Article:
Camtasia, etc.

I just returned from the Camtasia workshop. The originally-scheduled speaker, it turns out, got stranded in Dallas after that city got six inches of snow last night. (This is Texas, right?) So the conference organizers were scrambling to find somebody with Camtasia experience. I suggested that they go pull somebody from the TechSmith booth in the exhibitor area, and a few minutes later they returned with Dave McCollom and Mike [sorry, can’t remember the last name]. Those two proceeded to put on a fun, engaging, and hugely informative workshop on the fly with zero preparation time. They even ended right on time.  I think that says a lot about the company and the product it makes.

Very, very impressed with Camtasia. It has a simple user interface (very similar to iMovie) and lots of options. My partner and I in the workshop put together a 3-minute Flash video on xFunctions, complete with callouts and transitions and the whole nine yards, and honestly we never really felt like we were working that hard. (For the Flash-haters out there, you can also save in something like eight other video formats, including Quicktime.) I didn’t realize that TechSmith also operates, and you can upload Camtasia-produced movies directly to that hosting service. They also have a connection with Jing somehow, although I’m not completely sure what exactly that connection is. (I don’t see it listed as a TechSmith product, but they had Jing stuff all over the TechSmith booth in the exhibition hall.) (Update: On the Jing website, there’s a blurb that says “A project by TechSmith”.)

Anyhow, Camtasia blows Snapz Pro X (which I currently use) out of the water when it comes to screencasting. The only problem is that there’s no OS X version right now. I can run Camtasia under Windows XP on Parallels; I asked David if I could capture stuff outside the Windows XP window if I were running Camtasia under Parallels, and he wasn’t sure. That’s an experiment for later. But he did say that they hope to release a native OS X version, rebuilt from the ground up, some time this year, and he got my contact info to be on the beta-testing “team”.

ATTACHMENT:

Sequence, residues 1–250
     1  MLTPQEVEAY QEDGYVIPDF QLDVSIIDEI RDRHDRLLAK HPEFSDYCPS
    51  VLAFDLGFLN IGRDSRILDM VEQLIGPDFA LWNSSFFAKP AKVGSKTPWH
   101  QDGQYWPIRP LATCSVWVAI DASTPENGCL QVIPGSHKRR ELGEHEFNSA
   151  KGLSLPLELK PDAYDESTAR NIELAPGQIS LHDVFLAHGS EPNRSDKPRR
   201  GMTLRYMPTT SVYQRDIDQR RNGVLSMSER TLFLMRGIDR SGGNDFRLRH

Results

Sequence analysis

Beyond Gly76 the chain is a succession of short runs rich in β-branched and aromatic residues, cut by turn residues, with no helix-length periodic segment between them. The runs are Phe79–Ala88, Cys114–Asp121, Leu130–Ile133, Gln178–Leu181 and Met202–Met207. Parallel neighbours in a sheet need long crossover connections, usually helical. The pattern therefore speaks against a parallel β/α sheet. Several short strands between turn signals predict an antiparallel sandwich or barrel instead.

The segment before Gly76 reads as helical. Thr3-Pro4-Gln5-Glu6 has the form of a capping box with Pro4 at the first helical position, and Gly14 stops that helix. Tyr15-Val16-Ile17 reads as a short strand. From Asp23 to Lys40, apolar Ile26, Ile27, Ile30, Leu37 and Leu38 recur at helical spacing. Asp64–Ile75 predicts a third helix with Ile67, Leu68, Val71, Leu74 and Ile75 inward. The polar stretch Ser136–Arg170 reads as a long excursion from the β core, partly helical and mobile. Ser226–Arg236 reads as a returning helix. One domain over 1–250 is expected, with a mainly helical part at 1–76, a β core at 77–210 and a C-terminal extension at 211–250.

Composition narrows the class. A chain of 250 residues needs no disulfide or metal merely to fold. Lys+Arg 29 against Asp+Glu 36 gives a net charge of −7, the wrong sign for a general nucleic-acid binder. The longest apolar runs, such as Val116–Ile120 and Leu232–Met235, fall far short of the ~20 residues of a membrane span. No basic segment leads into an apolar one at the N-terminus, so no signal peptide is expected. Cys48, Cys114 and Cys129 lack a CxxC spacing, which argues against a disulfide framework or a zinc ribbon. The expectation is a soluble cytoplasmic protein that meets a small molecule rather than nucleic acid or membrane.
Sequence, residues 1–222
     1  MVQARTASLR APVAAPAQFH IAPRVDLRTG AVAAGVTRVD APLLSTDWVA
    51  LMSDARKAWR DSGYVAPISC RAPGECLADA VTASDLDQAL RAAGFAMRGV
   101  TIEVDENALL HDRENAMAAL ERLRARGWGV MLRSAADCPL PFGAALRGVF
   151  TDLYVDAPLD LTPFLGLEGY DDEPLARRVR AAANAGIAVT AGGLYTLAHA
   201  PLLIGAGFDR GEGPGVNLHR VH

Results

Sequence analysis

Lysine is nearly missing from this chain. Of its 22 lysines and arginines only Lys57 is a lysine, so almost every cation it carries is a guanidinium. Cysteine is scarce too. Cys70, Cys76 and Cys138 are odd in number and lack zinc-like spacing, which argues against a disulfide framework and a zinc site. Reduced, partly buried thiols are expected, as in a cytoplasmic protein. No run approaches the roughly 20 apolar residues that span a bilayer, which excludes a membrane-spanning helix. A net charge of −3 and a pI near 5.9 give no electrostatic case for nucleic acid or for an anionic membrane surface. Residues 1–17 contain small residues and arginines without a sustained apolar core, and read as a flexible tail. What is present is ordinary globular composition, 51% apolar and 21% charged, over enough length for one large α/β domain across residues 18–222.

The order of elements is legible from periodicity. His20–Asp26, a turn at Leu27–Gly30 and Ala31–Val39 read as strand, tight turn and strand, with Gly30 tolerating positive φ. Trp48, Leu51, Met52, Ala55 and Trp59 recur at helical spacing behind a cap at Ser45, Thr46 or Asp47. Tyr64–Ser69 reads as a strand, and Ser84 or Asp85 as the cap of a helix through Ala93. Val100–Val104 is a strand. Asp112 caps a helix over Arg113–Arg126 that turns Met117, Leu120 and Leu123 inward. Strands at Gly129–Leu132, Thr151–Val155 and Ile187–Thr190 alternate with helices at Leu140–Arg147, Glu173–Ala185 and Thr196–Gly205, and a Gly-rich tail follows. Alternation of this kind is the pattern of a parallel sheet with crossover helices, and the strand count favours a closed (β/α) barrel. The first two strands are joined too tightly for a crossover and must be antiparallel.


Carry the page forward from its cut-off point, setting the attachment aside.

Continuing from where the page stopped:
Now it’s time to get ready for my contributed paper session talk, which is in about 20 minutes. I’ll report on that later in the afternoon since I have a full slate of stuff until dinnertime.



Filed under Educational technology, ictcm, Screencasts, Software, Technology

4 responses to “Camtasia, etc.

  1. Robert Foth

    Love the improptu conference talks – AMATYC had one in the fall (I believe Maria was one of our improptu presenters).

    Jing as you mentioned is a project from Techsmith. They are looking into making it a commercial product in the future (very easy to use – no code is needed to share those videos and can automatically post the video file to your site and gives a link back to paste for your students).

  2. I’d love to be on that beta testing team, too. I use Camtasia on Windows and Jing on my Mac, but it sure would be great to have all those features of Camtasia on the Mac.

    BTW, Jing captures screens from my virtual machines (Ubuntu linux and Windows) without any problem, so my guess is that a host can capture a guest, but probably not the other way around.

  3. If you have a Mac, a good screencasting program is ScreenFlow. It’s better than Jing but it cost $99.00 I just got it and it works very nice.

  4. @todd: Dave told me there’s a link to a Mac news page somewhere on the TechSmith and/or Camtasia web site. Don’t know if that will allow you to sign up for the beta testing, but at least it should keep you up to speed.